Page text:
This principle is important not just within the software engineering team, but across teams in the company. Every job requires you to interact with others and it’s best to start it by setting clear expectations. Both what you are supposed to do and what you expect others to do for you to do your job.
Expectations can be as simple as not disturbing during specific hours, to how/when you want to do testing and product releases.
One company I worked in early on had a very ad-hoc release process and developers would fear whenever they had to do a release.
I clearly set the expectations with the product team that releases would happen only during day time when all developers who worked on the release are available. Improved the quality of life significantly.
20. Manage upwards
Any organization of a certain size has managers and a hierarchy. Most people think managing is something that happens top-down. Your manager gives you a list of tasks to work on and you finish it.
Many software engineers prefer to work in silos – even if they are stuck on a problem, they don’t want to accept defeat and ask for help.
You have to realize information needs to flow from the bottom up too. Whenever you work on something and have finished it or got stuck, it’s important that you communicate it with your manager. Speak up and constantly let your manager have the latest information.
It greatly improves team dynamics and makes for trust among the team members and manager.
21. Learn something new every day
I think this is something that doesn’t require too much explanation. Software engineering as a field is quite volatile and it’s important we constantly keep learning new things.
It could be a new language or framework or you could go back to the basics and understand how to solve things using first principles.
Anyone who doesn’t spend time on self-improvement would soon stagnate and become obsolete.
22. Improve upon something every day in your code/product
This is different from the previous point about self-improvement. This is about continuous improvement in your codebase or product. No code is perfect. Especially the code you wrote a few weeks back. You might have taken some shortcuts or accepted some trade-offs.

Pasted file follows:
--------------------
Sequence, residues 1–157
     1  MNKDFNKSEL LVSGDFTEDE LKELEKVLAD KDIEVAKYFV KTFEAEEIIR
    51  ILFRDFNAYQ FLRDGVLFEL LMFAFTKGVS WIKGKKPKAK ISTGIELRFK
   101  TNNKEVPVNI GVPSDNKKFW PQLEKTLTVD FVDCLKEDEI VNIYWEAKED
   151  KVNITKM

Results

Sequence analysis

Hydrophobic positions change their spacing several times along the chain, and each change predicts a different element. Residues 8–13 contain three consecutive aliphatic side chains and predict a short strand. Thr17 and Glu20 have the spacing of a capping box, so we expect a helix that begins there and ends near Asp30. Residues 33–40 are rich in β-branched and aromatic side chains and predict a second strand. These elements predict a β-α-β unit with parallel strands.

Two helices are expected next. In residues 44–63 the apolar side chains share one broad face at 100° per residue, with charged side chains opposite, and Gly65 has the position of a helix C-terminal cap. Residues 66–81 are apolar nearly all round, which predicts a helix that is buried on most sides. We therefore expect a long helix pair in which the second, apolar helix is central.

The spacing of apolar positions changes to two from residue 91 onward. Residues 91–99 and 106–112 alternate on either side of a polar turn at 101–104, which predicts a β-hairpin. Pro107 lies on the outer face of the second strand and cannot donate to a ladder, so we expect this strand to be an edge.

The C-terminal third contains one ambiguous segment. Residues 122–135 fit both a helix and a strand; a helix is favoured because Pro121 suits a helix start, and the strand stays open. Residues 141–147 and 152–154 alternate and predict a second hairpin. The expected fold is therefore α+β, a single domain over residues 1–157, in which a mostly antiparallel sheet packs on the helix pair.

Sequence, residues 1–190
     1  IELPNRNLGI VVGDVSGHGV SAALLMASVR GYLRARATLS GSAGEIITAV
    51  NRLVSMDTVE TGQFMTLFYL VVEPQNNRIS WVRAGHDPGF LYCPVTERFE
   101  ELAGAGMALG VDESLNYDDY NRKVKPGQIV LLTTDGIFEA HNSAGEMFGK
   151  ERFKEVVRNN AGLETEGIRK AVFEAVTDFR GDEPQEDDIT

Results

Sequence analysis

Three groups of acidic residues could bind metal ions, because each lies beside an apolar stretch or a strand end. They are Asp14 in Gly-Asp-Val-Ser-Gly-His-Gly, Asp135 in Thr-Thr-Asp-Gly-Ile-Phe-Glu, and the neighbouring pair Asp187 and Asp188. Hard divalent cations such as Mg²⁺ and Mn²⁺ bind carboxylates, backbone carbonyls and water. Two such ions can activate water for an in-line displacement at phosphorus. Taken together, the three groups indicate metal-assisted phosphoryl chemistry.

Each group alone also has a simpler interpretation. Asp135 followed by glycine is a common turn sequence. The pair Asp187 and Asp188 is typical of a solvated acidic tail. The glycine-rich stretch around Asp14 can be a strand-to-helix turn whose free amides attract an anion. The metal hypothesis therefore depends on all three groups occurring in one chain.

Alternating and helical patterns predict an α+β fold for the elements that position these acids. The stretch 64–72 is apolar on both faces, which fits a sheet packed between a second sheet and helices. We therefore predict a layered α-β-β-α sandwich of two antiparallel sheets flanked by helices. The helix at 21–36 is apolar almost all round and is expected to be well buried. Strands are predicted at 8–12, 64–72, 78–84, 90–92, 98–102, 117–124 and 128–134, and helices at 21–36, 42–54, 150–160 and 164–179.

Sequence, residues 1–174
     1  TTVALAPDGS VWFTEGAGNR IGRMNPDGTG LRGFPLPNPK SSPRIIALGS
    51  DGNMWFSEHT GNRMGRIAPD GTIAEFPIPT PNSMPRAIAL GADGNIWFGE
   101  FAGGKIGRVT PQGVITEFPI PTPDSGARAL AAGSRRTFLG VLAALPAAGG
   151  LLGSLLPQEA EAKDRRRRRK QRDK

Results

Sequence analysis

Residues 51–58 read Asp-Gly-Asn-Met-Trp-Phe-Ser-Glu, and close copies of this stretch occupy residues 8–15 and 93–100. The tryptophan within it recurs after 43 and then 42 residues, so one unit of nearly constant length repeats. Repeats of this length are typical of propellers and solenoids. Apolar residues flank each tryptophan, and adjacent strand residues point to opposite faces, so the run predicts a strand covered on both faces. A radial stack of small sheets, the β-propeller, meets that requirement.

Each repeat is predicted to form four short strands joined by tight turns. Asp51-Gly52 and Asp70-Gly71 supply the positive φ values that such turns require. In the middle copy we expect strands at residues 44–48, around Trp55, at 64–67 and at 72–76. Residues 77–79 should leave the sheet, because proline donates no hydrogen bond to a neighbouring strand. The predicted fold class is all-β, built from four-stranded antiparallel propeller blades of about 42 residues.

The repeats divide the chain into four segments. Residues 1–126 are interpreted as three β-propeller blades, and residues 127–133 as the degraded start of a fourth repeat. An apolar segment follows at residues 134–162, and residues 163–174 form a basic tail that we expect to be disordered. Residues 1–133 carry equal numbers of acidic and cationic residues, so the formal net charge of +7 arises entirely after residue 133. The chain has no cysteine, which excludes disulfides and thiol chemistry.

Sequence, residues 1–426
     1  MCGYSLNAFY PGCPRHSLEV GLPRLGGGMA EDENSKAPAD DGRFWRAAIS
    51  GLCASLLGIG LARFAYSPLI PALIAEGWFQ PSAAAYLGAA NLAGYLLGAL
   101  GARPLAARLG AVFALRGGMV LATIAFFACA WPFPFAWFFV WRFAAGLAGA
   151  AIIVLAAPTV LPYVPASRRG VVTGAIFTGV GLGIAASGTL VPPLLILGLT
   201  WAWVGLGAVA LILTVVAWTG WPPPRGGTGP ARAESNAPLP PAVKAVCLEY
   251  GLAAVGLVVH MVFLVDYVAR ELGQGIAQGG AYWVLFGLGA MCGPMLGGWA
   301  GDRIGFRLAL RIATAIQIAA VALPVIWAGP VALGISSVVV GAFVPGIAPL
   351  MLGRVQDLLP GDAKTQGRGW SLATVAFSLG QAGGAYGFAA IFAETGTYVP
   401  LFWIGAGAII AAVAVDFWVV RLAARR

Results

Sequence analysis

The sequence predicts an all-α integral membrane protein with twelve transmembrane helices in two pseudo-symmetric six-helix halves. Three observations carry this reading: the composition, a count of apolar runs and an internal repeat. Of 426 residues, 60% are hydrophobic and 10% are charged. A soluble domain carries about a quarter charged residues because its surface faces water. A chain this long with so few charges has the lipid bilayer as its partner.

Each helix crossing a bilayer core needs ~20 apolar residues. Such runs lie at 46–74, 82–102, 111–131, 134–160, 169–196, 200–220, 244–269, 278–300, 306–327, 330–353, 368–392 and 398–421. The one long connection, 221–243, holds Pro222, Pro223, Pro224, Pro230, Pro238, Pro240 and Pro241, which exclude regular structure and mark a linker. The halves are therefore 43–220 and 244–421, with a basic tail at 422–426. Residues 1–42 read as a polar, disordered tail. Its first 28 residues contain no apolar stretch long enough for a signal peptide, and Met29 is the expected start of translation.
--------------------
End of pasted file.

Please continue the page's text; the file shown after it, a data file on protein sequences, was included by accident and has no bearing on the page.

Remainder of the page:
You should periodically visit the old codebase and see how you can improve it. Remember how you should focus on quality?
Whenever you touch a line of code or function or module, can you leave it slightly better than how you found it? If so, go ahead and do it. Don’t wait for someone to assign that task to you.
23. Unblock others, quickly
Whenever your teammates ask you for some information or a module, how quickly are you to give them that and unblock them?
Everyone has gotten their own work to complete. If you take forever to provide them with the info or code, eventually it’s going to bite you back later.
Remember the golden rule of reciprocity?
Treat others as you would like others to treat you.
Only if you made it a habit to help others by unblocking them, they would help you back when you require something from them.
24. Don’t be afraid to fail
One quote I read online that I love is “If you don’t fail enough, you aren’t trying enough.” With most things in life, failure is the default outcome. As a software engineer or even a team, you shouldn’t be afraid of failure.
Instead, embrace it and try to learn from it. Are you able to find out the cause of the failure and try to minimize it in the future? What steps have you taken to mitigate it completely? Have you planned any fail-safes?
These are all questions you should ask during the post-mortem of any failure and as a team, everyone should try to give their opinions.
25. Have a living, breathing developer’s handbook
An employee/developer handbook is one document that I feel differentiates between companies that just exist vs startups that people love to work in.
One of the earliest handbooks that were released/leaked publicly was Valve‘s and it clearly explained the company culture.
While these examples are not exactly developer handbooks, your team can maintain one in a wiki or GitHub repo. Essential things required for a developer like where they can get the laptop/software access, access to the repository, AWS Console access, CI/CD, how to push and deploy code, etc.
Make sure this is kept updated and well-documented. An old and outdated document is worse than a non-existent one.
This isn’t an exhaustive list of principles, but instead some of the most relevant and popular ones that I try to make my software engineering teams follow.
Even if you follow 2 or 3 principles in your team, you would be in a much better position in a few months.
What are some principles that I missed? Comment below.